A loud, metallic clang hit the floor of the pit soon after Kanna had landed. It was the only sound she could hear over the trickling of water and the rumbling of generators. Some piece of debris had followed her down, but because it had dropped in the tiny, spiraling rapids of the waterfall, Kanna could not make sense of what it was.
She looked up. She was behind the rushing glass-colored curtain now, and though the cool water spattered her eyes, she could still see the dancing, distorted image of Lila Hadd up above. Lila was pressing one hand softly to the engineer’s shocked face, the other hand hard against the engineer’s chest. Their gazes were locked like a pair of lovers about to pounce on each other any second.
And Eyan Mah’s bright red throat-collar had been ripped open.
Kanna’s eyes widened with realization. Reaching into the waterfall, she snatched the iron key that had followed her down and she buried it deep in her soaked pocket. It felt heavy. It was much heavier than her own cuff key had been—but this time, she was happy to take on the burden.
When she turned around, it seemed that she had more of an audience than she had expected. Dozens of eyes stared at her with curiosity, and the slave who had first yanked her into the pit was still kneeling beside her.
“Is it really true that Goda Brahm broke her way inside this temple?” she asked, fascinated. The electric lights that lined the walls flickered against all the players that surrounded her, made the walls dance with shadows. “The slave-master? The priestess-killer?”
Kanna gave her a wry look as she struggled to stand up—but the woman eagerly helped her to her feet. “You can call her a lot of things, I guess,” Kanna said, trying to dust herself off, but finding that all the dirt was sticking to her soaked robes. “I’ve called her a few special names this past week myself.”
She glanced over her shoulder briefly at the rushing water, but now that she was standing, she no longer had the angle to see the outside, so she faced the long corridor instead. It was lined with tubes and wires and heavy machinery that vibrated like the groaning truck engines that lived on the surface. Exhaust pipes jutted out from these generators, snaking their way to the ceiling, breaking through the stone and flowing into places that Kanna could not see.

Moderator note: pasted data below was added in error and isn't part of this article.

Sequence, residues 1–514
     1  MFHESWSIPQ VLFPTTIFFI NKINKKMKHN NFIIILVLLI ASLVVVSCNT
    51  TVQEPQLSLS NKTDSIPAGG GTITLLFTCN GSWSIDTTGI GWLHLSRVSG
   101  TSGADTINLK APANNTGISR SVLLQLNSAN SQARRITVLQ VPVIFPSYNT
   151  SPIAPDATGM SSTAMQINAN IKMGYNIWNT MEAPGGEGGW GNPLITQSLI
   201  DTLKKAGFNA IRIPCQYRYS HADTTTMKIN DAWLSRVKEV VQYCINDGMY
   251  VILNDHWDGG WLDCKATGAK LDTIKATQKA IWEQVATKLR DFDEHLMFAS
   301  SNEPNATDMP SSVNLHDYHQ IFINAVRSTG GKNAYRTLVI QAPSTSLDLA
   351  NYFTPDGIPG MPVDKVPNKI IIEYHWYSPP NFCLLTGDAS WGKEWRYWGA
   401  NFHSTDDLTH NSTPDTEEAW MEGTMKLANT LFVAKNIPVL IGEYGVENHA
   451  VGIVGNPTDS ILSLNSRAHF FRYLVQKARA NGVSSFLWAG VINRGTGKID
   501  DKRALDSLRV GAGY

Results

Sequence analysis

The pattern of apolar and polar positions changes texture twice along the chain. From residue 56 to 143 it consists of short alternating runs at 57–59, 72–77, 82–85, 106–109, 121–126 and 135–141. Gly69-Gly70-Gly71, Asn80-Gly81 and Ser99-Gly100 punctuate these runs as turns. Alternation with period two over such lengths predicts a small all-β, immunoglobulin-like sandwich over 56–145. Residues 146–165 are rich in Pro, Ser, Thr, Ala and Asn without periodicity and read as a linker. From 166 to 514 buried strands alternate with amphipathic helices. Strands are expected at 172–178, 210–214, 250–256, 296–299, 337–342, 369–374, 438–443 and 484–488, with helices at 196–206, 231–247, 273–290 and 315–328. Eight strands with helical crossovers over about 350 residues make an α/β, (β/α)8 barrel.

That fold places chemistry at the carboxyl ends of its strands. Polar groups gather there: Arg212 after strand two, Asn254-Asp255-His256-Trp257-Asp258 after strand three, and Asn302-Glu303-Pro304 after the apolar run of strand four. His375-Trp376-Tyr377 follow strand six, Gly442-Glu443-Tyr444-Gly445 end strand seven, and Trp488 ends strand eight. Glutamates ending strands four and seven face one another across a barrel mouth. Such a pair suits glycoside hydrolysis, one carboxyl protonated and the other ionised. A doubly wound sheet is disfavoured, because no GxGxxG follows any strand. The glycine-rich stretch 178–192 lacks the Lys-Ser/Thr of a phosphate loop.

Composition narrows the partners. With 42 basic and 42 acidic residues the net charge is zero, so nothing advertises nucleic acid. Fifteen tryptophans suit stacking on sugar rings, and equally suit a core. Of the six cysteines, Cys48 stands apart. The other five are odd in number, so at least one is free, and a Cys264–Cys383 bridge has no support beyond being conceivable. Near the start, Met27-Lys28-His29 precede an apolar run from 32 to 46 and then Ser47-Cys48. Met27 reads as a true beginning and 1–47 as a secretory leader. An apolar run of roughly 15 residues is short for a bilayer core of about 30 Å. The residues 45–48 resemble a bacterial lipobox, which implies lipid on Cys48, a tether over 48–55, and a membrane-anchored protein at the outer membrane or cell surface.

The hot air that had settled around her made her feel like she had stepped into a humid oven.
“How do you even breathe down here?” she asked.
“With difficulty sometimes, with ease other times,” the woman said, but she was smiling. “You get used to it after awhile. It’s kind of relaxing, like a sauna.”
Kanna shook her head, but allowed the woman—whose ankles were also shackled, she noticed then—to lead her past the curious onlookers. “You remind me of this boy I know,” Kanna said. “He’s a slave, but he makes everything about pure hell sound like it’s paradise. Maybe he’s the one who should have descended instead of me.”
“Oh, really? We don’t get a lot of visitors in here, so it’s always fun to have outside slaves show up, but you’re extra interesting because you’re a foreigner, too.” The woman stopped near a rusted metal cabinet on the wall and began struggling to get it open, but then another slave came to help her. “I know you must be overheated in here, since you’re an Upperlander—but if you’ll wait just a moment, I have a present for you that’ll help you get to the sanctuary in one piece.”
It was then that Kanna noticed the whole group had followed them, tugging hard on the slack of their respective chains.
“Tell me, what’s the Upperland like?” one of them asked. “I heard it’s cold up past those mountains, that you people live on meadows that used to be covered with ice eons ago. Is that true?”
“Well, it didn’t seem cold…at the time.” She hadn’t thought about the Upperland in so long, she was having trouble remembering what the air had felt like. As she watched the two women in front of her rummaging through the steel cabinet, she furrowed her brow and tried to picture her home town, but it all felt vague, like it had happened in a dream. “I actually don’t remember it that well. It’s been a long time since I’ve been.”
“I heard that your ancestors used to live in caves in the mountains before the ice melted on the grasslands,” said another one of the women who was staring at her with what seemed like morbid interest. “And I heard that it was so cold and dry that every dead body would turn into a mummy, and so you would keep them preserved in the caverns to eat later. Is that true?”